Sunday April 26, 2020

Psalm 22

There are three psalms composed by David that are grouped together and present a wonderful disclosure of the work of God through the promised Messiah. Whether or not Ezra was aware of the theme disclosed by these three psalms when he put the book of Psalms together in the format we have in the Old Testament is a matter for debate. Regardless, it certainly appears the Holy Spirit was at work even in the collection of the psalms into their present format. These three psalms are generally known as the Shepherd’s Trilogy and depict three important aspects of the work of Christ as the Shepherd for His people. In Psalm 22 we see what Christ has accomplished in His sacrificial death and resurrection. In Psalm 23 we learn about the present work of Christ in the lives of His people. Then in Psalm 24 we have the declaration of the work of Christ in the future when He returns to the earth to establish the promised kingdom.

Jesus said of Himself: “I am the good Shepherd; the good Shepherd lays down His life for the sheep.” (John 10:11) He also stated that His death on the cross on behalf of others was not something forced upon Him; but rather, it was the offering of Himself that He freely gave. “No one has taken it away from Me, but I lay it down on My own initiative. I have the authority to lay it down and I have the authority to take it up again.” (John 10:18) The death and resurrection of Jesus Christ as the Good Shepherd was not coerced but rather it was truly a gift of divine grace on behalf of others.

In Psalm 22 we learn more about the cost of this gift of divine grace and the sacrifice made by Jesus Christ as the Good Shepherd. Psalm 22 is characterized as a lament psalm written by David. While David was referring to a circumstance in his own life, possibly when he was running from Saul, the imagery of this psalm graphically depicts the death and resurrection that would happen some 1000 years later to the promised Son of David. This psalm is one of the most quoted psalms in the New Testament and was quoted, at least in part, by the Savior when He was suffering upon the Cross.

Psalm 22 divides into two major sections. In Psalm 22:1-21 there is the Petition of the Messiah and in Psalm 22:22-31, there is the Praise of the Messiah. Typical of all Lament Psalms, this psalm ends on a note of confident hope and praise to the Lord. It is a reminder to each one of us that no matter how overwhelming or impossible our situation may be, nothing is too hard for the Lord!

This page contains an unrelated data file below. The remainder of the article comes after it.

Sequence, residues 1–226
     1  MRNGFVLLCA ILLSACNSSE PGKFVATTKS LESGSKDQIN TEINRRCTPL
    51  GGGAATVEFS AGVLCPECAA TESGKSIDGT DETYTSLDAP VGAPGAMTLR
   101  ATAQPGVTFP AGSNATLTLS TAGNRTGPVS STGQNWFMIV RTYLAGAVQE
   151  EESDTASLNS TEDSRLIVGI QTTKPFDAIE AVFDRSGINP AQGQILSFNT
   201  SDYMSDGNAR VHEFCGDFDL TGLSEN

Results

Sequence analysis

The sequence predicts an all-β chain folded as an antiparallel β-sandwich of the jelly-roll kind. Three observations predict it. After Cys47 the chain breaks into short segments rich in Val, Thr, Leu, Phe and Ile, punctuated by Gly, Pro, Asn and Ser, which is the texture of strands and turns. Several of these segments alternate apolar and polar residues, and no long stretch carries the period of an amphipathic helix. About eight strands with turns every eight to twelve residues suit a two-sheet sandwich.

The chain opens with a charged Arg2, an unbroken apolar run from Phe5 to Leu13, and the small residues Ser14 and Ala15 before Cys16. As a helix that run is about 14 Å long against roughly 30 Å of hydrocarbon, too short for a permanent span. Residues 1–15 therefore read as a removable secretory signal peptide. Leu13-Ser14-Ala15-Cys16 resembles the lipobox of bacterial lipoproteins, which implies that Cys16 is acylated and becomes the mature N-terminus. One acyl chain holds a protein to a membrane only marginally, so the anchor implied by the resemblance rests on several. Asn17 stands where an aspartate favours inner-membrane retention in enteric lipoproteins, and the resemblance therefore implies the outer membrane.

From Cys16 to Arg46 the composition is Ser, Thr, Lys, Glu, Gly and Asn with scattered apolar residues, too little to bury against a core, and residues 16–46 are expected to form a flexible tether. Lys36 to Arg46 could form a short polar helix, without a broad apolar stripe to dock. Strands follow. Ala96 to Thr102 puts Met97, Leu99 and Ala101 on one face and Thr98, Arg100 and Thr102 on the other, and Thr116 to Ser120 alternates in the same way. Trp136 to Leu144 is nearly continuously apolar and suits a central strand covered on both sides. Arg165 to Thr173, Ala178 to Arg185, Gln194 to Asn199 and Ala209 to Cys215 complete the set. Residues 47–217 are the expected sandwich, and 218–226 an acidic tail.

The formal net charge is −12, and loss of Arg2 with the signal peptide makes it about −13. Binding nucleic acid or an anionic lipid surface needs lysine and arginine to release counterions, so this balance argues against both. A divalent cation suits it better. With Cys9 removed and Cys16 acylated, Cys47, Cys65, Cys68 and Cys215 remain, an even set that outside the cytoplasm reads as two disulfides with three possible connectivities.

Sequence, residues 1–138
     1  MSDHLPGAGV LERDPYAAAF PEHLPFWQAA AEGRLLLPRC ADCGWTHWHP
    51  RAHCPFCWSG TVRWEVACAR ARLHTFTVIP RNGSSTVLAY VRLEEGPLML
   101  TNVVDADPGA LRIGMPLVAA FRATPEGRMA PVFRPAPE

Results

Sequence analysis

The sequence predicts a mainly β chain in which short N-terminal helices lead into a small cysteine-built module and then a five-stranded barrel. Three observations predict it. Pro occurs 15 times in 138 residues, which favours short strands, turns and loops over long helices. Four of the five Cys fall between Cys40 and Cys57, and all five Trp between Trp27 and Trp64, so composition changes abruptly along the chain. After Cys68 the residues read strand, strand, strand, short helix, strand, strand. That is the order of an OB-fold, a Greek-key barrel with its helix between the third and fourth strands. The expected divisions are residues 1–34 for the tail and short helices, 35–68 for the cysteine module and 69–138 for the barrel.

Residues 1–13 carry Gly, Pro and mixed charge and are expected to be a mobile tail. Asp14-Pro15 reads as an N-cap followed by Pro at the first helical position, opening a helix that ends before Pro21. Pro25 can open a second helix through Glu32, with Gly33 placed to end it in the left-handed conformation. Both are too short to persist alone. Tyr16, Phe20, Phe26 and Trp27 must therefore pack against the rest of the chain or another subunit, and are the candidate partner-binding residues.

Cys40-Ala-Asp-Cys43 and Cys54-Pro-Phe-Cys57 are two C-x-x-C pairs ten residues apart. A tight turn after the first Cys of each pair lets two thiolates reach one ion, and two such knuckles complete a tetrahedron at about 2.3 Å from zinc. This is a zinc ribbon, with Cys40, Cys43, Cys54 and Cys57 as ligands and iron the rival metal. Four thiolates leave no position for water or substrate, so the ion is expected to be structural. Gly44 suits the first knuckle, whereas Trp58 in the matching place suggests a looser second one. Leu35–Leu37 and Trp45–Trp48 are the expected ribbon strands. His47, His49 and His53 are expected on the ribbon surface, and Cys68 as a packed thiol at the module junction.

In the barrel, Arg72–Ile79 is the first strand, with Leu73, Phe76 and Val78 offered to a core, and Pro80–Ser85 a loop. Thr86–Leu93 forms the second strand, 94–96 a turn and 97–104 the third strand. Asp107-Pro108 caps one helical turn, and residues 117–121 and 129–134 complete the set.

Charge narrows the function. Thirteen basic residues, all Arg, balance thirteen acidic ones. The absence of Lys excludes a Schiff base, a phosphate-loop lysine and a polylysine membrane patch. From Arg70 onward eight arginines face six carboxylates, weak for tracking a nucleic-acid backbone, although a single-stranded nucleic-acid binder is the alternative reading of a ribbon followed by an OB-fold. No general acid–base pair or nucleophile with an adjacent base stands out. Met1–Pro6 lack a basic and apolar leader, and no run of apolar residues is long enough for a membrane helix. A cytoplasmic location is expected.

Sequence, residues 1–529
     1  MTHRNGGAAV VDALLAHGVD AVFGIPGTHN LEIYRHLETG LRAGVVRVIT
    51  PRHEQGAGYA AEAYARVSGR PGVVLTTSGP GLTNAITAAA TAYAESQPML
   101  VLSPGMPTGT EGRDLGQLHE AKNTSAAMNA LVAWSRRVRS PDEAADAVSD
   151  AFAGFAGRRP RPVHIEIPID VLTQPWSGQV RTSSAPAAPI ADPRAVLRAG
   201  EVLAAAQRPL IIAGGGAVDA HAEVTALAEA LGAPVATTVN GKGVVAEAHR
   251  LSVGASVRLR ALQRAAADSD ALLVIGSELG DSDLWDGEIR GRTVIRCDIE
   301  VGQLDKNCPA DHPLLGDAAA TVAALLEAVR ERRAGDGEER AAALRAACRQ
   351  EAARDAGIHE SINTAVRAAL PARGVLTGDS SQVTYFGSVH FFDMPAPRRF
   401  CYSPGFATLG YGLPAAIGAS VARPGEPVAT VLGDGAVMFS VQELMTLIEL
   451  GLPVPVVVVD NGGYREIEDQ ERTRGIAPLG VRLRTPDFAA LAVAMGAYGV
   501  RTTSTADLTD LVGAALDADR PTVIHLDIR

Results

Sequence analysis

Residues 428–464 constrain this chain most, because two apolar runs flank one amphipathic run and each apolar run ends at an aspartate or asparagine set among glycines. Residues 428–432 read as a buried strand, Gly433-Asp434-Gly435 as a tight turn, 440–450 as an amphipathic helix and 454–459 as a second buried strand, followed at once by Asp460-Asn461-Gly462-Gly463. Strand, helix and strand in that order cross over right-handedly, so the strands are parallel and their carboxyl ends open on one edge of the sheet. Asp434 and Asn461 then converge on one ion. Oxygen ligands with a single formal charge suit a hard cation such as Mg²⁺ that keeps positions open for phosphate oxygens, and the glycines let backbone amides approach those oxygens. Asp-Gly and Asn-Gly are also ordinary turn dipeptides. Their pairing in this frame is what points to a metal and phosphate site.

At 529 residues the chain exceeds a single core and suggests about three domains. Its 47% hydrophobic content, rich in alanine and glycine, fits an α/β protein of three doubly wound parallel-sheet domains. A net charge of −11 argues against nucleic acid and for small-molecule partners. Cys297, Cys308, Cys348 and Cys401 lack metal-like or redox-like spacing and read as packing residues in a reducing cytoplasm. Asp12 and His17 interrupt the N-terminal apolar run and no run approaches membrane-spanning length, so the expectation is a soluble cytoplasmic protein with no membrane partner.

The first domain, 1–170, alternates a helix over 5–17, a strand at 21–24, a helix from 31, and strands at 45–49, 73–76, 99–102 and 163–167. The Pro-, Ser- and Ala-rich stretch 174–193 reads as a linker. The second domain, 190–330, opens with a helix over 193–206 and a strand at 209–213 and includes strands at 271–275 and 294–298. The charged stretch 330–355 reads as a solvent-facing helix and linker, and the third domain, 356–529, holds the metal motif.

There is a record of seven statements made by Christ while He was on the cross. The fourth statement made by Him as recorded in the Gospel records is the opening line of Psalm 22. “My God, My God, why have You forsaken Me? Far from My deliverance are the words of My groaning.” God the Father had forsaken, that is, removed any comfort or compassion from the Messiah as He cried out upon the cross. Jesus Christ was abandoned by God the Father since He, as the Good Shepherd, was bearing the punishment due to the sheep. He is the substitute, dying in the place of others. In this statement He does not address the divine being as Father because our sin had made a breach in that relationship.

 Yet, God is our Creator and we are still accountable to Him. Christ was abandoned or forsaken because God was pouring out the punishment others deserved on the Good Shepherd. He was experiencing the torment deserved by others. “But the LORD was pleased to crush Him, putting Him to grief; If He would render Himself as a guilt offering…” (Isaiah 53:10)

In verses 2-10 of Psalm 22, the good Shepherd expresses His confident trust in God even though He is being mocked by others because of His repeated affirmation that God is the One who took delight in Him.

“O my God, I cry by day, but you do not answer;

And by night, but I have no rest.

Yet You are holy,

O You who are enthroned upon the praises of Israel.

In You our fathers trusted;

They trusted and You did deliver them.

To You they cried out and were delivered;

In You they trusted and were not disappointed.

But I am a worm and not a man,

A reproach of men and despised by the people.

All who see me, sneer at me;

They mock me with the lip, they wag the head saying:

‘Commit Yourself to the LORD; let Him deliver him;

Let Him rescue him, because He delights in him.’

Yet You are He who did bring me forth from the womb;

You did make me trust when upon my mother’s breasts.

Upon You I was cast from birth;

You have been my God from my mother’s womb.”

The gospel record makes it very clear that the religious leaders, the Roman soldiers, the Jewish people and even the two criminals that were crucified with Him, all mock the Lord Jesus Christ for His claims and His trust in God. He was mocked, ridiculed and despised by those who were around Him. He seemed to be forsaken or abandoned by God. Yet, He was being punished for the sins of others rather than any wrong doing on His part.

While suffering on the cross, there was no help or relief rendered to the Savior. His enemies were like powerful devouring beast, who sought to destroy Him. His physical strength was depleted even as they pierced His hands and feet while dividing up His garments among themselves. His only hope for deliverance was from the LORD. In Psalm 22:11-18 we read:

“Be not far from me, for trouble is near;

For there is none to help.

Many bulls have surrounded me;

Strong bulls of Bashan have encircled me.

They open wide their mouth at me,

As a ravening and a roaring lion.

I am poured out like water,

And all my bones are out of joint;

My heart is like wax;

It melts within me.

My strength is dried up like a potsherd,

And my tongue cleaves to my jaws;

And You did lay me in the dust of death.

For dogs have surrounded me;

A band of evildoers has encompassed me;

They pierce my hands and my feet.